The Council of State Governments announced Monday that it was shifting its annual Spring Meeting (this year’s Growth & Prosperity Summit of the States) from the usual large, in-person conference to an online format. While a dramatic move and, I am sure, disappointing to the senior staff and leadership of CSG who had to make the difficult decision, the move reflects some of the “new normal” in this climate of cash-strapped states, travel-restricted policymakers and a growing trend toward virtual meetings.
Now, this is not the first time that a large legislative Groups forum has been threatened by the new state budget and travel realities, nor the first time a Group has moved all or part of a meeting into cyberspace. The National Conference of State Legislatures (NCSL) has now moved its Standing Committee Officers Orientation Meeting – a once very popular networking opportunity with NCSL’s up-and-coming committee members – to a webinar format and it cancelled this year’s stand-alone Winter Executive Committee meeting. The American Legislative Exchange Council (ALEC) briefly considered cancelling its 2010 Spring Task Force Summit as a result of cost concerns, but then modified the agenda to hold both in-person and online Task Force meetings to accommodate members who could not travel. Other Groups have scaled-back their once large meetings, amended or suspended quorum rules regarding policymaking or have created a hybrid format, allowing policymakers to “dial-in” to meetings in addition to physically attending.
These changes will ultimately test the Groups’ ability to compete for future private sector sponsorships and attract busy state policy leaders. And they will also dramatically impact those of us government affairs managers who are accustomed to the face-to-face meetings the Groups facilitate and who rely on the Groups as an integral part of our issue management programs.
These considerations must necessarily play into your overall Groups planning and your priority Groups should be re-evaluated, especially those most vulnerable to travel restrictions and budget cut-backs. But in the meantime, how can you adjust your Groups participation to return value to your program, especially if the Group forums you are targeting have moved into cyberspace?
The immediate practical problem of “virtual” meetings is that it translates into less face time with targeted policymakers. Relationship-building – one of the key reasons we participate in the Groups – becomes more challenging. Those relationships with policymakers you made at past Groups events, or by visiting state capitols, are now more important to nurture than ever. Continue to reconnect with these policymakers offline and stay in touch; email them or call and ask how you can assist them; support their reelection efforts; and generally find ways to remind them WHO YOU ARE. You should also use this opportunity to place new emphasis on familiarizing yourself with Groups staff. Their value to the Group is very likely to increase as elected and appointed official members reduce their commitment and participation as a result of travel restrictions.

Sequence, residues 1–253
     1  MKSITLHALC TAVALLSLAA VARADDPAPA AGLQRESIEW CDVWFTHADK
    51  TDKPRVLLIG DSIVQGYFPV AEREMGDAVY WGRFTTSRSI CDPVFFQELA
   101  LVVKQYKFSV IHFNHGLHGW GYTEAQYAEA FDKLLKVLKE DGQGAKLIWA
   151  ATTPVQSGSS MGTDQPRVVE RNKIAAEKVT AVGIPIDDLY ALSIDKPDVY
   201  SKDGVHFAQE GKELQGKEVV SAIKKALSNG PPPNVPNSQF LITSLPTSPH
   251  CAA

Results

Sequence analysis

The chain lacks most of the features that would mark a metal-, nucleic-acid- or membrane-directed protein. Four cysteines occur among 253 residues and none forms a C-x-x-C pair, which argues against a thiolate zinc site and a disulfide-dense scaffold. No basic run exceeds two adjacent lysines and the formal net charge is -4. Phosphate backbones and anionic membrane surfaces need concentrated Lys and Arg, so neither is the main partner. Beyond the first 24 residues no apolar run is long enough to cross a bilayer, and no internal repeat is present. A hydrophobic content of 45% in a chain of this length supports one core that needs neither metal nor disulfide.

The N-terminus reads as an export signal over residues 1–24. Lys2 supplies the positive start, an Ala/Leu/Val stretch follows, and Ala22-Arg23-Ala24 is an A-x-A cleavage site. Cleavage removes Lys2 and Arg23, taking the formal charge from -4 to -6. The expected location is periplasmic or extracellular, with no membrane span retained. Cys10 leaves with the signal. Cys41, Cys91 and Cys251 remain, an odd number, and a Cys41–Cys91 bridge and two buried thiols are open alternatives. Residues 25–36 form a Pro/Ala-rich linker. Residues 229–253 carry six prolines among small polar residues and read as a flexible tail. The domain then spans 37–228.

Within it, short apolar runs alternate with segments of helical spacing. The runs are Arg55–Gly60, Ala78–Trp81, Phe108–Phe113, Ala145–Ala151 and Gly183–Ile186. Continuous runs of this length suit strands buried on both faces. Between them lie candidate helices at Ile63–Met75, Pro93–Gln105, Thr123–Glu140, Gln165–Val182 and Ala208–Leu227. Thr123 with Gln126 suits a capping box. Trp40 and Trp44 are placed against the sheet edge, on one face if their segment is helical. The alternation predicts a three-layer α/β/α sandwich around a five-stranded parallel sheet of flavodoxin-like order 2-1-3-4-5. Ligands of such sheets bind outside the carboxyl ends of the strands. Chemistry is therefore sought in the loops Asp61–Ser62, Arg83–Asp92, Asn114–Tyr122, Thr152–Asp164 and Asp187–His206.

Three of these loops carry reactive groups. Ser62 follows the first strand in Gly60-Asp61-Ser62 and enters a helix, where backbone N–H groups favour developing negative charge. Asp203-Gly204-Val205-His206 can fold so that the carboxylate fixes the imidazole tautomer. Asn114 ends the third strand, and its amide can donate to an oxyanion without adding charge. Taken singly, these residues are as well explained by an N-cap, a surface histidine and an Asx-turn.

Even in the virtual world, the Groups will continue to make and advance policy. But meetings held in cyberspace inevitably make it more difficult to influence the process. You must know the rules of engagement – guessing is not good enough when you cannot be in the room or are out of reach of one of your champions. Knowing who will be participating in the forums, and in advance of the forums, will be more important than ever (this is true, online or off). Put a premium on contacting these policymakers in advance and leveraging staff relationships – this will be important to your success at online forums.
Finally, consider becoming more involved in a “leadership” role of the Group. The continuity of your participation in between meetings – and especially in a leadership role – adds both credibility to you and your organization and raises your profile as a known and respected quantity among the Groups staff. Several of the policy-oriented Groups have a foundation, advisory committee or some vehicle by which the private sector can provide input into the policymaking, contribute to the education of their constituent members or, at the very least, be better informed about the Groups’ activities online and off. Find opportunities to host small hospitality events or issue briefings at the Groups meetings, outside of the official agenda – once frowned upon, these outside events are becoming more important to the Groups, as their own hospitality and reception dollars shrink. And even if the Group you are targeting does not offer this opportunity – or your own tight budget does not permit a contribution – you can always “lead” by providing expertise, resources or bringing new policymakers from your state to the Group – these gestures can yield high returns in terms of political capital, especially during this lean time.